The interaction between the mentors and the mentees were fruitful and this kind of workshop is the first of its kind in our country to promote the young scientists. Prof. Farida Habib Shah, Vice-President of Organization of Women in Science in Developing World (OWSD) thinks that this mentor-mentee workshop can be a role model for other developing countries also us.


Pic-1: The foreign delegates and the coordinators of the mentor-mentee workshop



                           Pic-2: The participant “mentees” and the “mentors” of the workshop.



Young Women Scientists' ′Mentor-Mentee’ Workshop,

 Dhaka 24-25 March 2012



  1. Financial support

     1.      Research grant- source: Govt., Private or corporate sector, International

2.      Incentives for  achievements

3.      Awards for young scientists

  1. Flexible age and time schedule

 1.      Increase age limit to 45 for young women scientists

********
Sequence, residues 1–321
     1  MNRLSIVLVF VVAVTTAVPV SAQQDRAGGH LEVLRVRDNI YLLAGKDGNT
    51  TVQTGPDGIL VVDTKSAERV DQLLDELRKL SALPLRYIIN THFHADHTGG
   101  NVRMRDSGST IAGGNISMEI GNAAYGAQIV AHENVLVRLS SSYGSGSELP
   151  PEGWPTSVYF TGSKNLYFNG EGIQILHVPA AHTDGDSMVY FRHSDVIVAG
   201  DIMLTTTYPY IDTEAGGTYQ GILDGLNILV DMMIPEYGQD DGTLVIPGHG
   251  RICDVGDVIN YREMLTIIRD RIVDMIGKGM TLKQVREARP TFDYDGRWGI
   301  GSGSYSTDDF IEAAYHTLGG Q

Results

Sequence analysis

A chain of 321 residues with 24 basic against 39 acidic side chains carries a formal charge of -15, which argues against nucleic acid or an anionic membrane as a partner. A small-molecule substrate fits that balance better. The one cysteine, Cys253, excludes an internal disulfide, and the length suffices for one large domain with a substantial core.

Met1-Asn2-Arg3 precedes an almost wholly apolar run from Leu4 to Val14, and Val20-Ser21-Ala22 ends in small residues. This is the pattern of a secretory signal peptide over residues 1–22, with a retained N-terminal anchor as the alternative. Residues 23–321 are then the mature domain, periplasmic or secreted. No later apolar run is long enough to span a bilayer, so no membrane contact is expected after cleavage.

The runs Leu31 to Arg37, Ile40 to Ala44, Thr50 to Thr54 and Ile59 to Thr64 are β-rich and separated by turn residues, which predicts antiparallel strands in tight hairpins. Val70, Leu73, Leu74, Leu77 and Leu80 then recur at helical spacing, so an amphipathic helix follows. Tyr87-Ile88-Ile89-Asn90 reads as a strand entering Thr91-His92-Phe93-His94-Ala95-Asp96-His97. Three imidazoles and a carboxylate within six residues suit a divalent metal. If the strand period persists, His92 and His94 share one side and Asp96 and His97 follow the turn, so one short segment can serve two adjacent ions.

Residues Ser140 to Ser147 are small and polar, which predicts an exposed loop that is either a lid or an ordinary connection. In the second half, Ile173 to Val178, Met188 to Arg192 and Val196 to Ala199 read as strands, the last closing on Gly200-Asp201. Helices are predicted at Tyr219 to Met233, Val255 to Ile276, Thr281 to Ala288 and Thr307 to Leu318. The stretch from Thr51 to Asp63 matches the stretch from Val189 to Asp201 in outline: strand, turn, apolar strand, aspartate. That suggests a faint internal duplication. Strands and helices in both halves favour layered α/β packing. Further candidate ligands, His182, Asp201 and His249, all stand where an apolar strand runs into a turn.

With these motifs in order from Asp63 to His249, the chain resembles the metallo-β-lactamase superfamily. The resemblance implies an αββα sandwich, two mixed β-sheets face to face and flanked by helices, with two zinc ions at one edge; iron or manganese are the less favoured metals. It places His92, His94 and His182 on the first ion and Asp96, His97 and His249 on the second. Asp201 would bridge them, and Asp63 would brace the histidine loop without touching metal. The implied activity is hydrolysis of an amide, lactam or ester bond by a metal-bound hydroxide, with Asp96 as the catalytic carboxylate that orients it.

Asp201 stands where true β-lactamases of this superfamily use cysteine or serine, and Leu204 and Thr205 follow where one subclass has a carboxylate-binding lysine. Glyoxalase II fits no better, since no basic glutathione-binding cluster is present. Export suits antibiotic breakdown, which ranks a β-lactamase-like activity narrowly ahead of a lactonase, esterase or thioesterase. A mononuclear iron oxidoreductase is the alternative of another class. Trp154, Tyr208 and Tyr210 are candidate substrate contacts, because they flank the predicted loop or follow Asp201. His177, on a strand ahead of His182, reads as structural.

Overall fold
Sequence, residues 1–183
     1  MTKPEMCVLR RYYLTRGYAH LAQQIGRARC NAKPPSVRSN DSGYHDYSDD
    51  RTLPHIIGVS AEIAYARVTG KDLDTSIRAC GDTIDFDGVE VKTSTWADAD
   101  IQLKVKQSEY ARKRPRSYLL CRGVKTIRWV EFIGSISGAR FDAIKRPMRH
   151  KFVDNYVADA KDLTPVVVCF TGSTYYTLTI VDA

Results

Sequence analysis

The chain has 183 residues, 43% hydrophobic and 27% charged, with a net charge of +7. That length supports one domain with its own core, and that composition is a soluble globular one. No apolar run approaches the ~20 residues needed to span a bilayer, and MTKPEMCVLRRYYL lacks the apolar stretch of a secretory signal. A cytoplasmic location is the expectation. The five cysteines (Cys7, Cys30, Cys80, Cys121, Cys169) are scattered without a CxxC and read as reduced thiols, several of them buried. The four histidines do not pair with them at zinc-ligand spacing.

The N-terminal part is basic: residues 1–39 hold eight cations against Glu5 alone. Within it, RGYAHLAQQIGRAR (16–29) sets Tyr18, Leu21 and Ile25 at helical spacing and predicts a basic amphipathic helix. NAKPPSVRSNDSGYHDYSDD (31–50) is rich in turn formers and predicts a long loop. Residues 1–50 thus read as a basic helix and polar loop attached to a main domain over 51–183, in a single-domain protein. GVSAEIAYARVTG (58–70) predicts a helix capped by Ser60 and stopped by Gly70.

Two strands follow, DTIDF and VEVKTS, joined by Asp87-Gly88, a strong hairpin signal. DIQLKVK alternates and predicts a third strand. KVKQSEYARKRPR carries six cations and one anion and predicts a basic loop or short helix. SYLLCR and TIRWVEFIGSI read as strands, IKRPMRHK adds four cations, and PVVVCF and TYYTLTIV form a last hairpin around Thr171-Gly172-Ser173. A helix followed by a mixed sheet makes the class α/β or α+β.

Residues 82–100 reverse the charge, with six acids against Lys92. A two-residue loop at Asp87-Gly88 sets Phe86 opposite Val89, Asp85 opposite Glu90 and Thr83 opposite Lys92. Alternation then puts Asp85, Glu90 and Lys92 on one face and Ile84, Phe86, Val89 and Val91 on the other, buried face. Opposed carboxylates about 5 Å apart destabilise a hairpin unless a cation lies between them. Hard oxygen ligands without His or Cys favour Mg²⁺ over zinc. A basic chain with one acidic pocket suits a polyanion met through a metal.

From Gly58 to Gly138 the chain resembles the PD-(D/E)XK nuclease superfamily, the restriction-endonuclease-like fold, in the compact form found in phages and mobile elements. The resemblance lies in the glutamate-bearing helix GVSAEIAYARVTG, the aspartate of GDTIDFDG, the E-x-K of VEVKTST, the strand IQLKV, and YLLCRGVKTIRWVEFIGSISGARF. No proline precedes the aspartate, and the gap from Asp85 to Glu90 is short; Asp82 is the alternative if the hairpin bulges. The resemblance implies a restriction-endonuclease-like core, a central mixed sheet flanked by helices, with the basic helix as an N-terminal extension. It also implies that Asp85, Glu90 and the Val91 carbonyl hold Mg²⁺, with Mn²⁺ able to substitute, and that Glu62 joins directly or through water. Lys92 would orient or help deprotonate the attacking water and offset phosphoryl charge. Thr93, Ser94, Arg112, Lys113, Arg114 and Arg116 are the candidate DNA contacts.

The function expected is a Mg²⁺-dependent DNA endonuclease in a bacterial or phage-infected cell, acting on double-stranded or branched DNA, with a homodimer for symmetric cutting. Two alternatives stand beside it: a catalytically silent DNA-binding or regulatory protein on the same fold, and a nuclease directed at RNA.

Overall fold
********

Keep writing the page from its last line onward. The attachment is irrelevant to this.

2.      Allow when possible work from home / flexi time.

3.      Opportunities for maternity and paternity leave and leave (half paid or unpaid) as required for child raising. Government has raised maternity leave to six months. This should be followed in private organizations as well.

4.      Break in career taken for child care or family building not to be considered as a discredit or discontinuity of job. Need to help to come back into research, new techniques without losing seniority.

  1. Support system

 1.      Day care centre for children should be established at every institute where women scientists are working.

  1. Security for researchers/scientists

1.      Transport support for work at late hours

2.      Suitable accommodation for women scientists for field based data collection

3.      Security at lab during and after office hours

4.      Toilet facilities for women especially at outreach areas

  1. Capacity building

1.      Funded training/ scholarship opportunities abroad with support from Govt., academy and institution

2.      Quality training opportunities locally for those who are unable to go abroad for family reasons including online education supported by academy/ Govt.

3.      Training for fund proposal writing, report writing and communication with a special emphasis in presentation skills development.

4.      Mentor-mentee networking.

5.      Regular workshops both specialty based and leadership oriented.